Relic hunter Martin Roberts will find out this week whether his latest discovery – a hitherto unknown picture of Titanic band leader Wallace Hartley – will sell at auction.
Martin, 53, from Leeds, chanced upon the black and white image after buying items from a house clearance in Harrogate.
As reported previously by the Yorkshire Evening Post, he was about to sell the picture for 50p at a car boot sale until he realised its significance.
Martin said: “I bought the picture as part of a collection for £55 from a house clearance in Harrogate. There were about five boxes of pictures and this was in amongst them. I didn’t even know what it was and I was at Clithero car boot sale about a year ago and I had it on the table for £1, until this lady came up to me and asked what I was doing with a picture of Wallace Hartley. I didn’t even know who he was.”
Martin may not have known of the infamous band-leader, who instructed his musicians to play on even as the Titanic sank but he sensed enough to remove the picture from sale in order to research it further.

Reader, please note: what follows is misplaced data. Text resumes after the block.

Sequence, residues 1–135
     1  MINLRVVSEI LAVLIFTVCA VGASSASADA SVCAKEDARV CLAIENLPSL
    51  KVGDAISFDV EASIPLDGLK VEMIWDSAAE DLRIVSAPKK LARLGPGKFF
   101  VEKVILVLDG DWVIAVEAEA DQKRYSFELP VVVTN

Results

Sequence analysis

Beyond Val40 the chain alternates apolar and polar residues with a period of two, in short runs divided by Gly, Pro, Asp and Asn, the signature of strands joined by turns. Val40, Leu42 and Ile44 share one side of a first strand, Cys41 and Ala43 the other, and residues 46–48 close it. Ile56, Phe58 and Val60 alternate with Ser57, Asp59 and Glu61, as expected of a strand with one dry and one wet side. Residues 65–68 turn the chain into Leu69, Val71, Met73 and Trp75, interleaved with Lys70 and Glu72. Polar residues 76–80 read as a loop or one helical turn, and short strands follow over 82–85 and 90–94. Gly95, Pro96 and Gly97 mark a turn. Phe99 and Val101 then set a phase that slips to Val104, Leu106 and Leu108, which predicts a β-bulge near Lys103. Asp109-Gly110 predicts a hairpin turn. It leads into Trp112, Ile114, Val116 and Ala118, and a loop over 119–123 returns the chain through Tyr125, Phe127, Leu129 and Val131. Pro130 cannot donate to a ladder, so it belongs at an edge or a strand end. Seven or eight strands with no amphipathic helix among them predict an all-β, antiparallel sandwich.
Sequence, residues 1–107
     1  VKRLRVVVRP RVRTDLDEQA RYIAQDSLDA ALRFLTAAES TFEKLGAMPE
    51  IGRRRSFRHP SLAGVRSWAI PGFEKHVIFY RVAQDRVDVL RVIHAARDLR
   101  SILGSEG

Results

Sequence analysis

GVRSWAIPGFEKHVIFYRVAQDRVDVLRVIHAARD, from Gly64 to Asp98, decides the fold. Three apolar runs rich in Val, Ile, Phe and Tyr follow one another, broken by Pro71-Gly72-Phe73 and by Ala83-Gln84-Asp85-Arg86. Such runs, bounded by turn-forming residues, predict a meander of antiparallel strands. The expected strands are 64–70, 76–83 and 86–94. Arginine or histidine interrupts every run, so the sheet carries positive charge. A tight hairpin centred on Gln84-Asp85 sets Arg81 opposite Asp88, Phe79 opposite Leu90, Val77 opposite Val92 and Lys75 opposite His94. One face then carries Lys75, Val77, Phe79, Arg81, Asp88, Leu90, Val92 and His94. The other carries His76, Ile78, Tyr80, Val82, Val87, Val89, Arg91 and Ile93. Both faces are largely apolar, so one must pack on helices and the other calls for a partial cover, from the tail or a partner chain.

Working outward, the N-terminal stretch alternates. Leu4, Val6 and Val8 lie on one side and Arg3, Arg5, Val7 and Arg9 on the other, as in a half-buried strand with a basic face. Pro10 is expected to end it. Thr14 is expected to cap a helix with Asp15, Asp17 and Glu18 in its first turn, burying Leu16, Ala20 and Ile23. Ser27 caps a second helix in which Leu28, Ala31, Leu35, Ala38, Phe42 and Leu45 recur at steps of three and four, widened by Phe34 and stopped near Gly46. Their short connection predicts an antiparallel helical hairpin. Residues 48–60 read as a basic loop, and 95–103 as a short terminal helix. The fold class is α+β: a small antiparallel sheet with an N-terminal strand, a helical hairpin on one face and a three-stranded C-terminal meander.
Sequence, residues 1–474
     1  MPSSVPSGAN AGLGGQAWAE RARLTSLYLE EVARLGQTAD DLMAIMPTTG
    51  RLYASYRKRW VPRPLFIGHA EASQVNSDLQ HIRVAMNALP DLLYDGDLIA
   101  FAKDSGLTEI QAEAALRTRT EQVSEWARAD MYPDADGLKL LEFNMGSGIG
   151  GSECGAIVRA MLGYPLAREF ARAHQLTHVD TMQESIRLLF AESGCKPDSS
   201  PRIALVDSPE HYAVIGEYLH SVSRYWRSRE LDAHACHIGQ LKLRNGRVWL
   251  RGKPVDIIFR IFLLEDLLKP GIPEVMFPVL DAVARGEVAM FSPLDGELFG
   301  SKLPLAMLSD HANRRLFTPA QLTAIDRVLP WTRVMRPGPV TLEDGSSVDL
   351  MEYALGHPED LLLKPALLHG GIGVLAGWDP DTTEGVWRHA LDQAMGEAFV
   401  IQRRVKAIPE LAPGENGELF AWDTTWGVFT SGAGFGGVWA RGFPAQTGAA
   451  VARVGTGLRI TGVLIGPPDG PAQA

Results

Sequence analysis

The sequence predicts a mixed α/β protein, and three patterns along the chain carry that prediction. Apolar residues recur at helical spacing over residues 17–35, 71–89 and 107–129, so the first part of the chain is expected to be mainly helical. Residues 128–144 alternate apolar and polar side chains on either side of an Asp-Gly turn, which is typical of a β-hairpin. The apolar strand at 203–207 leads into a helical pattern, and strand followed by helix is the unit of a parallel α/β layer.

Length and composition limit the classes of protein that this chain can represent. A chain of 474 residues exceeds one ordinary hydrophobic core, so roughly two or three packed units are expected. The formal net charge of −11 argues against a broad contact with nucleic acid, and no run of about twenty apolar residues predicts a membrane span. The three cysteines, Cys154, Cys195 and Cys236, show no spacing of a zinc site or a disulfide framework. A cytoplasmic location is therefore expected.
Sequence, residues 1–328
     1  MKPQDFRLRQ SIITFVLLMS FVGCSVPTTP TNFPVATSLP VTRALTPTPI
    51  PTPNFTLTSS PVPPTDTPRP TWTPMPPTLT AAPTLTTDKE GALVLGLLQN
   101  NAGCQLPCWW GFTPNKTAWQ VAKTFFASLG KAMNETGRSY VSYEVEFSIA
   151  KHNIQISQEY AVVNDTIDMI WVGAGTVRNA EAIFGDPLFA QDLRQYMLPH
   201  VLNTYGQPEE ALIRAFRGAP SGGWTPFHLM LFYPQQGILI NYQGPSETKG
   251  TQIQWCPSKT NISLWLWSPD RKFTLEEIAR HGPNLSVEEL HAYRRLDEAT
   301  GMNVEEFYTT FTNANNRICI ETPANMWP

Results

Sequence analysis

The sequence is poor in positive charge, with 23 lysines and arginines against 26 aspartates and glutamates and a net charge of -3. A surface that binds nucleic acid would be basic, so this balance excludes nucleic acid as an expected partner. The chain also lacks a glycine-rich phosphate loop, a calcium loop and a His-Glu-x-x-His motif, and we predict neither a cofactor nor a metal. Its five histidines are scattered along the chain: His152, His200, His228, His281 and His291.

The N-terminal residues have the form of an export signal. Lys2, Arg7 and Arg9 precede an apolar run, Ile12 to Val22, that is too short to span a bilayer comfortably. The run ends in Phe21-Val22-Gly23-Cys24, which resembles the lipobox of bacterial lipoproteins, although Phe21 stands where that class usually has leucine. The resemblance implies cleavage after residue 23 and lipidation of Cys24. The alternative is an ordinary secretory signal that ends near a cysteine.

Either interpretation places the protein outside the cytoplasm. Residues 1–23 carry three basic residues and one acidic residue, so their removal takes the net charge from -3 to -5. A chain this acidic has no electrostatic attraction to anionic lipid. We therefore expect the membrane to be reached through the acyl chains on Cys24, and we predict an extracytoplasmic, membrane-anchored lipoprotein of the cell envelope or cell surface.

“She wasn’t the only one to comment on it, so I knew there was something about it. I did some research and I found that Hartley was involved with a lady called Marie Robinson, who came from Boston Spa.
“He had himself lived in Harrogate and when he died, some of his belongings went with her and she moved to Bridlington. When she died of cancer in 1939, they went to her sister, who still lived in Harrogate.
“I bought the pictures from a house clearance in Harrogate and it is my belief these pictures were part of a collection which included the Hartley picture. Buyers will make their own minds up about the picture, of course, but there are some things on there which lend credence to the notion that this is Wallace Hartley – he has a pinky ring, which he was known to have worn, the clothing and furniture are of the period and he looked like him.”
Previously, Martin has discovered numerous valuable items in charity shops and at car boot sales. He recently sold a pair of binoculars he bought for £20 for £1,100 and several years ago sold an Egyptian fertility statue he picked up for nothing for over £30,000.
The Dublin auction will take place on November 10.